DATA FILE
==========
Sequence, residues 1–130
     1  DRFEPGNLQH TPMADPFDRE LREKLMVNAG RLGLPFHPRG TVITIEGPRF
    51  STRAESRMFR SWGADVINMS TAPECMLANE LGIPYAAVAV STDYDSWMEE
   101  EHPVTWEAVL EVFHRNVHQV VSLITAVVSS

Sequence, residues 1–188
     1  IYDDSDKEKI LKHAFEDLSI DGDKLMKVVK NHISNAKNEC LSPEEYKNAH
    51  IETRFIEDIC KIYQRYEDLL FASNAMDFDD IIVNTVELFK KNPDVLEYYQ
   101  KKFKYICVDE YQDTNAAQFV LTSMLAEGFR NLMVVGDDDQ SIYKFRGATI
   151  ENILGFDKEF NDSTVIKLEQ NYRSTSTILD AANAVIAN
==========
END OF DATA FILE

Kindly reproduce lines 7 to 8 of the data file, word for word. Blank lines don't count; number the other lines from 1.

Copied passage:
    51  IETRFIEDIC KIYQRYEDLL FASNAMDFDD IIVNTVELFK KNPDVLEYYQ
   101  KKFKYICVDE YQDTNAAQFV LTSMLAEGFR NLMVVGDDDQ SIYKFRGATI